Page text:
The real problem of ‘getting to yes’ with Iran

by Gareth Porter

[Obama asked] “Does Iran have the political will and desire to get a deal done?”… The premise of Obama’s remark was that US demands are purely rational and technical in nature…[but] Iran is acting irrationally in refusing to accept that US demand.

Gareth Porter examines and dispels these assumptions.

http://www.middleeasteye.net/columns/real-reason-nuclear-talks-stalemate-297894422

The emergence of ‘Shiaphobia’ and anti-Shia bias in the media

by HR

Groups who claim to be Sunni Muslims, such as ISIS and Al Qaeda are not labelled as Sunni Militants (even though they actually do claim their cause to be sectarian) – so why the double standard in reporting Shia Muslim news stories?

HR draws attention to the negative media reporting regarding Shia Muslims.

http://www.digital-resistance.com/analysis/emergence-shiaphobia-anti-shia-bias-media/

Muslims should be doing more?

A trend following recent terrorist attacks by Muslim extremists is people demanding “moderate Muslims” speak out against the violent acts and “do more” to prevent future attacks. The people making these demands are often members of the public voicing their opinion on social media, but celebrities and media personnel have also made similar remarks.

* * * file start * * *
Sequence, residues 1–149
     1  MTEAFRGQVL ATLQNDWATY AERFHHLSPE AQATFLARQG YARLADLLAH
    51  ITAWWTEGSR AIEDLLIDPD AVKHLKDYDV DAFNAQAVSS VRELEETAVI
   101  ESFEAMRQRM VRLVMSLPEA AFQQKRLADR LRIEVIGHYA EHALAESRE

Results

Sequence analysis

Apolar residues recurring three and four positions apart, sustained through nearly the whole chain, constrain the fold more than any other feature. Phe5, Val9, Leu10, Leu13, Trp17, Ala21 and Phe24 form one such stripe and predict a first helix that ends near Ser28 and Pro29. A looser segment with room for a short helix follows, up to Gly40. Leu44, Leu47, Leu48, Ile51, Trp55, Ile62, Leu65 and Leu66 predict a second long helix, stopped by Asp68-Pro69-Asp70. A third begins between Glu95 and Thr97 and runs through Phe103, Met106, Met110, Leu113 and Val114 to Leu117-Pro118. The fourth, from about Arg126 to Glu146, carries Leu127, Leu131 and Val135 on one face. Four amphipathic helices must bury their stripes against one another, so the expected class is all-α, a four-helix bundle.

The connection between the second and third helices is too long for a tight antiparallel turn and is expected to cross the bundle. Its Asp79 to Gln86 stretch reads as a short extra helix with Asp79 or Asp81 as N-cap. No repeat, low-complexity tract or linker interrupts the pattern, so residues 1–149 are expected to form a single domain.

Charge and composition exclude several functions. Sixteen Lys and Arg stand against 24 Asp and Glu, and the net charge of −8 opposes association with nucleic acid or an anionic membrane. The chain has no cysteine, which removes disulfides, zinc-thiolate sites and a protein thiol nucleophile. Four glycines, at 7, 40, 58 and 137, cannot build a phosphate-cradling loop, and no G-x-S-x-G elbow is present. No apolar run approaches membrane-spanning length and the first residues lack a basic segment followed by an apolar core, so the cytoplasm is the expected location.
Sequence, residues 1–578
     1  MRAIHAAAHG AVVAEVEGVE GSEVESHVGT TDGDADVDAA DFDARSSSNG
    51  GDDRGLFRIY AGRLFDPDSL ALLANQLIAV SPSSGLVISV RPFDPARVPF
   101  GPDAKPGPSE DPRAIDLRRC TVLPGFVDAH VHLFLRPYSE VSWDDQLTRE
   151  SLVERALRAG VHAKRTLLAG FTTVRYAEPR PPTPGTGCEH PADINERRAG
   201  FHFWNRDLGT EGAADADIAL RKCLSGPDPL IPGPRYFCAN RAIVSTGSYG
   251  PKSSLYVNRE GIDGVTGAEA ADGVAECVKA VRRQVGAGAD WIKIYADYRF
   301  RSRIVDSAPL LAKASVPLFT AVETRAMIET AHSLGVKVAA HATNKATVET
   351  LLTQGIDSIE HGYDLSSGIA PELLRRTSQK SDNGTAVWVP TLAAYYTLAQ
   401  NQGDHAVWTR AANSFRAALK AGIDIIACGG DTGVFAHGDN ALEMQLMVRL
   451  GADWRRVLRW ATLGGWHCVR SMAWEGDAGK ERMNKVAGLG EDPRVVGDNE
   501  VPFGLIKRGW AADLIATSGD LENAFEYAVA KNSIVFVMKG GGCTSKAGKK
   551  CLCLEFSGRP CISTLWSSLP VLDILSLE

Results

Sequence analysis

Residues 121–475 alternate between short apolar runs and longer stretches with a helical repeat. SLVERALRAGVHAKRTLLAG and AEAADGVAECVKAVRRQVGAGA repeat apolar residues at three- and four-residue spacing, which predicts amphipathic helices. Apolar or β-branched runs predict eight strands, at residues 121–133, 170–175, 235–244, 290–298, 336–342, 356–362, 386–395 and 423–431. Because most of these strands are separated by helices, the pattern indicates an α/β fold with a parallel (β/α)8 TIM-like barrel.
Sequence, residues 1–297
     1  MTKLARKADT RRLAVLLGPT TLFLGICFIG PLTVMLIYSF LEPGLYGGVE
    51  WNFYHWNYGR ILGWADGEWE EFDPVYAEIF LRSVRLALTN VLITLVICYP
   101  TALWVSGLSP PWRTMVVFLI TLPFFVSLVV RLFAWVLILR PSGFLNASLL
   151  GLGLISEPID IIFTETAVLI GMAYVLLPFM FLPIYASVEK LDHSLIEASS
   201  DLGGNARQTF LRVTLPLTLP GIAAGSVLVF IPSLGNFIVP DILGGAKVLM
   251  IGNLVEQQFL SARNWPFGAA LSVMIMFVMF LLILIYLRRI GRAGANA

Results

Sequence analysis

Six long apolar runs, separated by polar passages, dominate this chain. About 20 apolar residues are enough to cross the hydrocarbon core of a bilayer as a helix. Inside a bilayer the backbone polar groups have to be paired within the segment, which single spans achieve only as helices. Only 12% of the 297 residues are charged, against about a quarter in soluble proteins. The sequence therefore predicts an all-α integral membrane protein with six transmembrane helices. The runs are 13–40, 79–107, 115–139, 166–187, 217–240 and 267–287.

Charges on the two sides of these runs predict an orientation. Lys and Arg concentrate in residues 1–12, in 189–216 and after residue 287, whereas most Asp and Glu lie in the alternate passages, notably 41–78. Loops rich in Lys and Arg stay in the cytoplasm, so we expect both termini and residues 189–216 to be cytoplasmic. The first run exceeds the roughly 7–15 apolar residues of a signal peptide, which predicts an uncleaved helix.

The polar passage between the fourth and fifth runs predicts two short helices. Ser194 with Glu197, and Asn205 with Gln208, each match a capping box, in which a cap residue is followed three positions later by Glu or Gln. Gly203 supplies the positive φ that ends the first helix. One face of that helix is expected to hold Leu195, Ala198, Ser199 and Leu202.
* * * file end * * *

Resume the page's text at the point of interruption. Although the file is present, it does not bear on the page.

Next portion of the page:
Although most simply demand “moderate Muslims” speak out against these acts or wonder why they don’t, some go so far as to hold all Muslims responsible for the acts of a few.

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Iran’s nuclear program is not the problem

On 24 November 2014 the negotiations between Iran and the P5+1 (US, UK, France, Russia, China + Germany) around Iran’s nuclear activities ended in an extension of the interim agreement proposed in 2013. It was hoped by many a permanent agreement could be reached, resulting in the lifting of the sanctions inflicted upon Iran by the US and the reintegration of Iran into global trade and relations. However, even if an agreement can be found at the end of the extended interim agreement, it is unlikely to normalise relations between Iran and the West.

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The Mockingjay of Palestine: “If we burn, you burn with us”

by Ramzy Baroud

“I want to tell the people that if you think for one second [they] will treat us fairly if there’s a cease-fire, you’re deluding yourself. Because you know who they are and what they do.”

Ramzy Baroud draws parallels between the latest Hunger Games movie, Mockinjay, and the occupation of Palestine.

Does [Mockinjay author] Collins know that Katniss, who didn’t choose such a fate, but had to step up in defense of her people, is represented in thousands of men, women, and yes, children of Gaza? Does she know that her stories were already written and enacted by real people, who may never have heard of her franchise and may never live to watch her movies? Does she know that criminal leaders such as President Snow are not something of fantasy, but they actually exist, here today in the persons of Benjamin Netanyahu and countless other Israeli leaders who call for the absolute annihilation of Gazans at a whim?